After years when the health benefits of magnesium didn’t get enough attention from researchers, we just hit the jackpot. Apparently, by coincidence, researchers all over the world published their findings in three different professional journals in November and December 2016.
These three meta-analyses give us more confidence than we could have before that magnesium is important for our diabetes health. If people consumed more magnesium, fewer would have diabetes. Many people who already have diabetes would be better able to manage this condition if they consumed more magnesium. And researchers found additional benefits, including for our hearts.
What’s a meta-analysis?
A meta-analysis uses statistical methods to summarize the results of studies that fit the eligibility criteria that researchers specify in advance. By combining studies, a meta-analysis increases the sample size, and this gives the conclusions of a meta-analysis greater statistical power than any of the individual studies could have. This means we can generally rely more on the results of a meta-analysis than in the findings of a single study.
The media have given attention to one of these three studies. The full text of this study, “Dietary magnesium intake and the risk of cardiovascular disease, type 2 diabetes, and all-cause mortality,” is free online at BMC Medicine, which published it in December 2016.
One million people
This is the largest study of its kind to date. Researchers from two universities in China included 40 prospective studies totaling more than one million people in their analysis. Unlike a retrospective study, which looks back at what happened to people, a prospective study watches what happens to them in the course of the study and relates this to suspected risk or other factors. These studies are not necessarily double-blind randomized controlled trials.
This meta-analysis showed that increasing dietary magnesium by just 100 milligrams per day was associated with a 19 percent reduction in the risk of diabetes. Heart failure went down 22 percent, as did stroke, seven percent, and death from all causes, 10 percent.
Linking magnesium to reduced risk
“Low levels of magnesium in the body have been associated with a range of diseases, but no conclusive evidence has been put forward on the link between dietary magnesium and health risks,” Fudi Wang, Ph.D., stated in a press release. He is a professor at the School of Public Health, Zhejiang University, China, and the study’s lead author. “Our meta-analysis provides the most up-to-date evidence supporting a link between the role of magnesium in food and reducing the risk of disease.”
The second meta-analysis is specifically about diabetes and prediabetes and included 18 studies. These studies are considered the “gold standard” because they are all double-blind randomized placebo-controlled trials (RCTs).
The European Journal of Clinical Nutrition published “Effect of magnesium supplementation on glucose metabolism in people with or at risk of diabetes” in its December 2016 issue. While only the abstract of this study is free online, the lead author, Nicola Veronese, M.D., a research fellow at the University of Padova, Italy, sent me the full text when I emailed him my request.
Dr. Veronese and his coauthors looked at the 12 RCTs of people with diabetes and the six of people at high risk of the condition. They concluded that “magnesium supplementation appears to have a beneficial role and improves glucose parameters in people with diabetes and also improves insulin sensitivity parameters in those at high risk of diabetes.”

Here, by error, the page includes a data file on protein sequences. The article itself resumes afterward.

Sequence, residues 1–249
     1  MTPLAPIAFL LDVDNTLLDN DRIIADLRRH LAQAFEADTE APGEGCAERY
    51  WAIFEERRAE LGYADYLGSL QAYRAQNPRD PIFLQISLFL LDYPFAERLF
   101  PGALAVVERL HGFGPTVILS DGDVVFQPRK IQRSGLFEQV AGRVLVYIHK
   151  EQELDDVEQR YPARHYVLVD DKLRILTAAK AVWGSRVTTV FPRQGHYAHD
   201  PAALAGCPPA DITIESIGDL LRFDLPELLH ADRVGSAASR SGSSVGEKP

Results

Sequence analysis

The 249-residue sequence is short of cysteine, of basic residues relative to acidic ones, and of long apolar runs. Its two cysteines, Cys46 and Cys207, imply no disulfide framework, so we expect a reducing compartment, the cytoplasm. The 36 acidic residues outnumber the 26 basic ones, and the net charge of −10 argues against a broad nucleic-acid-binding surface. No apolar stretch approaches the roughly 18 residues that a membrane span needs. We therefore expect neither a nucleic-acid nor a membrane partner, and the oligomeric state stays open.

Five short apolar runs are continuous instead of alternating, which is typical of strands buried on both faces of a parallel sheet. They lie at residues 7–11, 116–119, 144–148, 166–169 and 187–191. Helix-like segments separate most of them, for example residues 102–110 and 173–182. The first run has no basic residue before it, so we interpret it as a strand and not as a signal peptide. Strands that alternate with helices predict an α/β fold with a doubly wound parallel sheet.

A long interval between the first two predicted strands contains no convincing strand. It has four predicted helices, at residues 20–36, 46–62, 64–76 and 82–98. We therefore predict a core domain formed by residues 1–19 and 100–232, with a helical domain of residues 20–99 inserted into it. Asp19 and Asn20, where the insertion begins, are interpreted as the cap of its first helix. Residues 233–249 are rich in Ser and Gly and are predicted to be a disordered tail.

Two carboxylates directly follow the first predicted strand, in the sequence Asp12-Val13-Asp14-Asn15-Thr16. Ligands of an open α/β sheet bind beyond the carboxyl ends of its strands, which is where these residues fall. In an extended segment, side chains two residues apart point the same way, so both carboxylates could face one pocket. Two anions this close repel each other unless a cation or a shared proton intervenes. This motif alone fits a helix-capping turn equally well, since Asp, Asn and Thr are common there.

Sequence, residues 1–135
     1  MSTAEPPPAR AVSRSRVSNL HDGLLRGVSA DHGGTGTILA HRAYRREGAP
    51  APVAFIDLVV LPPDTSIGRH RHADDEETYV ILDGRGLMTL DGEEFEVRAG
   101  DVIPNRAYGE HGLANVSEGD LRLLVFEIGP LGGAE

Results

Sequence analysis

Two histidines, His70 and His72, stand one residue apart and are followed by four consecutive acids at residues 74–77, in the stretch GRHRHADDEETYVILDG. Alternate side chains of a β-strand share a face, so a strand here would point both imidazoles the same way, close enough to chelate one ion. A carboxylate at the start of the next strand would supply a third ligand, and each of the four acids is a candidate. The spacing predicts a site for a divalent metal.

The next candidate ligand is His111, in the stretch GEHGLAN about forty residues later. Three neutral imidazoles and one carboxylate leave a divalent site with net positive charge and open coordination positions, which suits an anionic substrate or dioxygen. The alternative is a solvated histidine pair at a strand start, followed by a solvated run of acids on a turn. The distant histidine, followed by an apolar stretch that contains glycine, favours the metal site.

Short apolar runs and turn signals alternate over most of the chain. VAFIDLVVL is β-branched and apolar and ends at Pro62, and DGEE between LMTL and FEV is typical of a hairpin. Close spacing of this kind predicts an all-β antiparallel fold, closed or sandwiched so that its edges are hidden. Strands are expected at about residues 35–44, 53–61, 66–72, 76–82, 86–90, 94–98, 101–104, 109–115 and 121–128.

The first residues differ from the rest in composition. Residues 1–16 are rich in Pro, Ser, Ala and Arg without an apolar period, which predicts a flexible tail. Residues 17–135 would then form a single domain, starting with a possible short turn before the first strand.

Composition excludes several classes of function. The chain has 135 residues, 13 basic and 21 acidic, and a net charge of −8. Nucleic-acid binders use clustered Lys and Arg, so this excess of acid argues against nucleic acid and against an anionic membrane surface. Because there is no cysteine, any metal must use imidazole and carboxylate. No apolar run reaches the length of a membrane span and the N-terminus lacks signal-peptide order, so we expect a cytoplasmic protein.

Most benefit in the U.S.
The journal Nutrients in November 2016 published the third meta-analysis about magnesium, “Dose-Response Relationship between Dietary Magnesium Intake and Risk of Type 2 Diabetes Mellitus.” It is specifically about diabetes and includes 25 prospective studies.
Nine researchers from Sweden, Norway, China, and the UK cooperated in developing this analysis. They concluded that dietary magnesium intake is associated with a reduced risk of type 2 diabetes. Especially interesting is their finding that “the greatest magnitude in risk reduction was found in the U.S. population.”
In the U.S., the average daily recommended amounts of magnesium intake for most women is 310 to 320 milligrams, and for men is 410 to 420 milligrams. Almonds and spinach are two of the best sources of magnesium, yet most Americans get less magnesium than these amounts from the food we eat.
This is a good reason for us to take a magnesium supplement. When we supplement our dietary magnesium with a pill, we generally get at least the recommended amounts.
These three meta-analyses confirm the earlier and smaller studies that recommended boosting our intake of magnesium. On this basis, I have made sure to get enough magnesium from the combination of the food I eat and the daily supplement I take.
In several articles on HealthCentral, I recommended that people with diabetes increase how much magnesium we get from our diets with a supplement. Now, we can be even more confident that doing so is wise.
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David Mendosa is a journalist who learned in 1994 that he has type 2 diabetes, which he now writes about exclusively. He has written thousands of diabetes articles, two books about it, created one of the first diabetes websites, and publishes the monthly newsletter, “Diabetes Update.” His very low-carbohydrate diet, current A1C level of 5.1, and BMI of 19.8 keep his diabetes in remission without any drugs. He can be found on Twitter @davidmendosa and on Facebook at David Mendosa.
Published On: December 22, 2016